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Subject: Re: [Boost-users] Cutting headers
From: Edward Diener (eldiener_at_[hidden])
Date: 2017-05-10 22:31:36

On 5/10/2017 5:54 PM, james via Boost-users wrote:
> This is ok depending on what your definition of 'equivalent' is.

In my cxxd library 'equivalent' meant that the syntax was the "same",
but not necessarily the implementation. However the same syntax normally
means that the same result would be expected.

> For example, if I have something like
> #ifdef MY_USE_BOOST
> using UnorderedMap = boost::unordered_map<...>
> #else
> using UnorderedMap = std::unordered_map<...>
> #endif
> my code will likely compile ok, but the runtime behaviour will be
> different when
> the key is of type int, for example, due to the different hashing
> algorithms used
> between boost (a static_cast) and MS's implementation (computes an
> actual hash).

While the implementation may dictate that one side or the other is
faster or uses less memory, I hardly believe that the result of using
UnorderedMap would be different in actual usage. That is not to say you
might prefer one or the other based on speed or size considerations.

> Was there ever an attempt to standardise the default hashing algorithms?

I do not know what this means. Is there not a std::hash implementation ?

BTW, when you top post, rather than answering inline, it is very hard to
know to what you are referring. That is why you are admonished not to
top post on mailing lists.

> On Wed, May 10, 2017 at 8:59 PM, Edward Diener via Boost-users
> <boost-users_at_[hidden] <mailto:boost-users_at_[hidden]>> wrote:
> On 5/10/2017 11:14 AM, Paolo Bolzoni via Boost-users wrote:
> On Wed, May 10, 2017 at 10:36 AM, Paul A. Bristow via Boost-users
> <boost-users_at_[hidden]
> <mailto:boost-users_at_[hidden]>> wrote:
> Unfortunately it is a long standing problem, even Bjarne
> Stroustrup mentions it.
> <>
> The interdependence of Boost libraries isn't a 'problem' -
> it may be an inconvenience, but is an unavoidable
> consequence of missing
> built-in language features and Boost's invaluable working
> for multiple platforms, targets and compilers and standard
> versions.
> I find this pattern all the time, so even if a bit out of topic
> I have
> to ask. Perhaps it is simply a language barrier.
> Since when knowing where a problem come from makes it less a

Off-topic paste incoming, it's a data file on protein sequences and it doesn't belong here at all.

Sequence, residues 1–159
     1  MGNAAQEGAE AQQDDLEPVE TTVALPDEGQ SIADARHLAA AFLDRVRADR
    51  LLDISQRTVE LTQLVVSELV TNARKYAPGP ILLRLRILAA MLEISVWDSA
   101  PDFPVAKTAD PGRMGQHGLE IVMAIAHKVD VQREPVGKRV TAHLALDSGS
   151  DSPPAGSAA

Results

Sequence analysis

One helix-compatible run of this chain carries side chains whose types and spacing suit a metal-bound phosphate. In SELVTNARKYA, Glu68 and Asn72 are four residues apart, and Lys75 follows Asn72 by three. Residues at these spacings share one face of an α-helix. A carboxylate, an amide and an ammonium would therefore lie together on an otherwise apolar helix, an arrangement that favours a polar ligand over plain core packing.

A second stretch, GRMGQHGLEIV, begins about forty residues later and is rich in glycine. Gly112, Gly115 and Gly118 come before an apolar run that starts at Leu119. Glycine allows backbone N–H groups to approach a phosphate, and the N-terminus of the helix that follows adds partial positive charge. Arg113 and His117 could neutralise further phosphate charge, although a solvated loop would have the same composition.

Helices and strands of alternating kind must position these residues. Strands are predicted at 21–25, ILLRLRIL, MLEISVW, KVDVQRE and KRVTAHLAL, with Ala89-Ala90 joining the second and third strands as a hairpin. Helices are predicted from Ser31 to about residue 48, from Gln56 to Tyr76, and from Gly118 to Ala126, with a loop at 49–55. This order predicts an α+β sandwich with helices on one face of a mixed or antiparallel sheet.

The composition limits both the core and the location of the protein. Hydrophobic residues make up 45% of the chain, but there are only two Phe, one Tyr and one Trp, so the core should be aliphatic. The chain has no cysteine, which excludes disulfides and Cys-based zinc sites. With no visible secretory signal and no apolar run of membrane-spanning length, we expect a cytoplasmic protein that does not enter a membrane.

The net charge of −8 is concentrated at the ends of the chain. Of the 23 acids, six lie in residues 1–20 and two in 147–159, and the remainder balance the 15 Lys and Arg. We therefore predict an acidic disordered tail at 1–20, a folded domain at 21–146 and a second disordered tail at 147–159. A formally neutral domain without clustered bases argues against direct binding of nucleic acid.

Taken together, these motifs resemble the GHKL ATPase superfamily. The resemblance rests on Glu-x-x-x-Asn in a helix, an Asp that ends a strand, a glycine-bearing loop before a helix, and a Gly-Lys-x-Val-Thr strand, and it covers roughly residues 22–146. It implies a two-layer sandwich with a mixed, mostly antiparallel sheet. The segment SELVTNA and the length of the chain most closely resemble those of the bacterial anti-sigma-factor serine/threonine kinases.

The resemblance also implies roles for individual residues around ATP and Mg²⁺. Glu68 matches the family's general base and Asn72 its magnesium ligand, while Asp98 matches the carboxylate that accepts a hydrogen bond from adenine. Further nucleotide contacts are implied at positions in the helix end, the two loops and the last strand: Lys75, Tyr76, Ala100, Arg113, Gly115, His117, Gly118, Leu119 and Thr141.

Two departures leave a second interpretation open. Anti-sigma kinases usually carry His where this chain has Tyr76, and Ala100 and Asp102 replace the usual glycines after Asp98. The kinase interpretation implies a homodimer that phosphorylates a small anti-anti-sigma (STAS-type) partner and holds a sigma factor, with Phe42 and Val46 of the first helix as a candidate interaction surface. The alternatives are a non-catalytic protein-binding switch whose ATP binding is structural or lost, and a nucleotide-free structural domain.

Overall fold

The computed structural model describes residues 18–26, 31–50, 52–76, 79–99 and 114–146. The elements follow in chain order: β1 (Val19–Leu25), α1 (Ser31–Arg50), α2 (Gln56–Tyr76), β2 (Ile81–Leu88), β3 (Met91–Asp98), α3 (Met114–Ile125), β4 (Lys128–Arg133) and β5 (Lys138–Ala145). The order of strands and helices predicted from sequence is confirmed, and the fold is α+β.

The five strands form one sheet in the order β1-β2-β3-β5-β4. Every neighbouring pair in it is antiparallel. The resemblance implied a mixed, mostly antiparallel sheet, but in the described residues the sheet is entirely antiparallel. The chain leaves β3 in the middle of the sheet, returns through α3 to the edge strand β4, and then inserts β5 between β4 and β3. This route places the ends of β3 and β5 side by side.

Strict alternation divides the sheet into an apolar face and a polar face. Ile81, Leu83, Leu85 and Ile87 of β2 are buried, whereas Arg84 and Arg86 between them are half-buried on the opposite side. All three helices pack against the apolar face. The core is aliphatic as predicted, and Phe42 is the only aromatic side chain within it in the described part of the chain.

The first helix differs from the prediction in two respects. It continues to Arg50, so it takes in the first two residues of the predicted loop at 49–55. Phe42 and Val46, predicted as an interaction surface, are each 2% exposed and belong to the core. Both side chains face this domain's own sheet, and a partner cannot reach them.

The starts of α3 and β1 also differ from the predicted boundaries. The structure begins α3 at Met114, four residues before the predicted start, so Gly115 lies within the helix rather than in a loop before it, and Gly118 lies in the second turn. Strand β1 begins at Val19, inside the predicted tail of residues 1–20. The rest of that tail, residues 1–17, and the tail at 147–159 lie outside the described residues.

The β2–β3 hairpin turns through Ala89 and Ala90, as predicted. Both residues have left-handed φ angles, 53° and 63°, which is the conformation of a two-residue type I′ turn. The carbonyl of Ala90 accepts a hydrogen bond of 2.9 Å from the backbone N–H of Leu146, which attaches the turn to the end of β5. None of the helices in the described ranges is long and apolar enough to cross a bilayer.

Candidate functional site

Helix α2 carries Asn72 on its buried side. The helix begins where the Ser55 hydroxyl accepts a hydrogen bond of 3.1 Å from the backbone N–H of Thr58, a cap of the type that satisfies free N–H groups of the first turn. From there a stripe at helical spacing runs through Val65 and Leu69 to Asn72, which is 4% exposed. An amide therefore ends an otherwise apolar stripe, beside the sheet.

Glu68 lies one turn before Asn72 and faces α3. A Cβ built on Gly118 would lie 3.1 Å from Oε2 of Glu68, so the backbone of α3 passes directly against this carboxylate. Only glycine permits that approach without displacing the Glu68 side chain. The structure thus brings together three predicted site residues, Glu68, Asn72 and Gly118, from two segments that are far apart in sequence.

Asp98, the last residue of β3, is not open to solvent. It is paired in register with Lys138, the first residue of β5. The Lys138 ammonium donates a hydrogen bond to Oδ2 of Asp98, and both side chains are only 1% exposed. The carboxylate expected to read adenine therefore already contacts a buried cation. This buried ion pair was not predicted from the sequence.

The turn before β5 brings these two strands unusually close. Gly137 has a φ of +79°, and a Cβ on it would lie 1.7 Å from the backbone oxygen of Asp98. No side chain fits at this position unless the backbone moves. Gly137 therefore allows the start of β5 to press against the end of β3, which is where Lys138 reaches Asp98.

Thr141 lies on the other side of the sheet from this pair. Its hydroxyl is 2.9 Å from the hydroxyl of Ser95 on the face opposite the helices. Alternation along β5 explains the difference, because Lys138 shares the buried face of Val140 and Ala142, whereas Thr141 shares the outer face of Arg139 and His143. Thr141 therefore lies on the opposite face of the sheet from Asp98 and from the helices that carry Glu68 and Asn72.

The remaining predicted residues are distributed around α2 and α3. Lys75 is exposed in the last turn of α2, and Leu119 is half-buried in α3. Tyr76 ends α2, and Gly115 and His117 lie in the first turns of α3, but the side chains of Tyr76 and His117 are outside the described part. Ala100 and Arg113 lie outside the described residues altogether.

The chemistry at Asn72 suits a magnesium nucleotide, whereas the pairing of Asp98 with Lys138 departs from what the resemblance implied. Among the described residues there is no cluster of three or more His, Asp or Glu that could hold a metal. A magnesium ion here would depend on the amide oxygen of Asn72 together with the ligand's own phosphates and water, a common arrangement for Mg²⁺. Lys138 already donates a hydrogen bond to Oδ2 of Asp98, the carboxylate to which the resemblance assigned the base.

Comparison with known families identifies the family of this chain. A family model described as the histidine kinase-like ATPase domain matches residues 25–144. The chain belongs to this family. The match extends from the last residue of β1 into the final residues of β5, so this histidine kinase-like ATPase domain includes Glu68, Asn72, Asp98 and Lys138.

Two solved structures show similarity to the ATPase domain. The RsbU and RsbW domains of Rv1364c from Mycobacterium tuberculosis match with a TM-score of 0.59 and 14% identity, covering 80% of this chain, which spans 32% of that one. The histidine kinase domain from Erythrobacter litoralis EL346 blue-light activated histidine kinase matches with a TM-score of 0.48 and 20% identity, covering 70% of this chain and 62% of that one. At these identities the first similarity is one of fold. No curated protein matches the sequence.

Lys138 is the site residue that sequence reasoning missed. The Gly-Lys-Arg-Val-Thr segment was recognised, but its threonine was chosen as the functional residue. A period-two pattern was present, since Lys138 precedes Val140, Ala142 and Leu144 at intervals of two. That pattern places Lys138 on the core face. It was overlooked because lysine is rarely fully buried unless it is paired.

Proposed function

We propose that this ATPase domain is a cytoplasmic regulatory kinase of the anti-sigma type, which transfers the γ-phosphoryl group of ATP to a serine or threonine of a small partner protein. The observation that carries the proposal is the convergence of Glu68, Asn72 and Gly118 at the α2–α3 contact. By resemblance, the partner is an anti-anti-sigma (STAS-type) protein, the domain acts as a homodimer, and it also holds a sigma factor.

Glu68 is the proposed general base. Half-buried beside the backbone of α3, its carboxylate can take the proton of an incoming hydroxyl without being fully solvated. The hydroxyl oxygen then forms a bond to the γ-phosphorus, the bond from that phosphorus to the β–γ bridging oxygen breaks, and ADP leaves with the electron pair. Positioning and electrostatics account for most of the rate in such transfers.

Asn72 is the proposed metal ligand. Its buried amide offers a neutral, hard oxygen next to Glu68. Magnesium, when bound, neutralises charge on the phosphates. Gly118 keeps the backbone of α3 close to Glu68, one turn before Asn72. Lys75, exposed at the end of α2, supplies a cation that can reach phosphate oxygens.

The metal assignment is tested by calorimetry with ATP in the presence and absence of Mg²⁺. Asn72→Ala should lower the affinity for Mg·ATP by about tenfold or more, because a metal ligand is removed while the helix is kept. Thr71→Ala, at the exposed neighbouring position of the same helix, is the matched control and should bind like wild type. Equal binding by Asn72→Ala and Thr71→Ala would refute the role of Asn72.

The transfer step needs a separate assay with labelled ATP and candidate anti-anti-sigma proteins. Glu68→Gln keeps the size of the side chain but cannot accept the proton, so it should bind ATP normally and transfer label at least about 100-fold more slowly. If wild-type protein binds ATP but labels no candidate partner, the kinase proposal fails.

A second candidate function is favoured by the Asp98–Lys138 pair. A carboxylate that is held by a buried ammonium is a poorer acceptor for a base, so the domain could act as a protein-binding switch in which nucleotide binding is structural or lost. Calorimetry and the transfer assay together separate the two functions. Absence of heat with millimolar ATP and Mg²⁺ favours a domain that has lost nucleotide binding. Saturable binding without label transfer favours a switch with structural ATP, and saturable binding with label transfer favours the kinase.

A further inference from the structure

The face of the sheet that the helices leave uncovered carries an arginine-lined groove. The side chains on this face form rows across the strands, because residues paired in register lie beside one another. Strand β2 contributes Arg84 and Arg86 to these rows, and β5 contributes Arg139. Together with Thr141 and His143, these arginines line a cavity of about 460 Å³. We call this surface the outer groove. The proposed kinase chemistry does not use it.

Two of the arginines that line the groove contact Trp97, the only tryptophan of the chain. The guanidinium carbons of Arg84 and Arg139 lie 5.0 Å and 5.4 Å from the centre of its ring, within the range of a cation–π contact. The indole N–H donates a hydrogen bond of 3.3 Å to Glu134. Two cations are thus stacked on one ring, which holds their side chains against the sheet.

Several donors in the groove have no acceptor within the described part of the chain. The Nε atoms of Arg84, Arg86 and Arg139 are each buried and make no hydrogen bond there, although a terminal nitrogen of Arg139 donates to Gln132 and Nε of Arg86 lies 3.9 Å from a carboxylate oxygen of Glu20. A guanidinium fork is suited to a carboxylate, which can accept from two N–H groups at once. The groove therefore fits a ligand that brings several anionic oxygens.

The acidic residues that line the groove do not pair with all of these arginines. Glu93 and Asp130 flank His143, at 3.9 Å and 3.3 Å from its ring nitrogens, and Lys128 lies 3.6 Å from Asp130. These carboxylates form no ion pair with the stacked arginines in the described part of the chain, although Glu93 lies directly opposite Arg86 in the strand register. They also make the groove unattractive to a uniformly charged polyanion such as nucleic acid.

> problem?
> You essentially are saying: "Yes, that's the situation. Here why. So
> it's not a problem."
> The problem IS there, if it is unavoidable, or incredibly
> difficult to
> solve, or "solving it" means to "replace it with bigger problems",
> then it is fine and we live with it. But it does not mean that it's
> not a problem.
> Work has been done to minimize unnecessary interdependence,
> but it remains almost impossible to write any library
> without using some
> other libraries, as the dependency graphs show.
> True enough, but some interdipendency are a bit gratuitous.
> Doubly now
> that the standard language gives part of boost.
> I wrote a library whose purpose was to reduce the dependence on a
> Boost library when the C++ standard equivalent library was available
> at compile time, while reducing to a minimum any difference in the
> code between using Boost or the C++ standard equivalent, but no one
> was interested. So essentially dependence on other Boost libraries,
> even when the C++ standard equivalent is available via the compiler
> implementation, was not seen as an issue by other Boost developers.
> There is nothing to stop users figuring out the subset of
> essential libraries, sometimes quite small, as others have
> commented. The
> downside is that keeping up-to-date may be tiresome.
> "Nothing stops users" is not even an argument. The problem is
> exactly
> (quoting Stroustrup) that "it [is] hard to pick and choose."
> Hard does
> not mean impossible.
> Said that, I DO NOT mean at all to say: boost has the problem
> that the
> libraries are overly coupled and so do not use it.
> Quoting again "it is usually a really dumb idea to go and reinvent a
> wheel that boost already offers," what I mean is: it is infortunate
> and we have to deal with it. Just like with arrays that becomes
> pointers.

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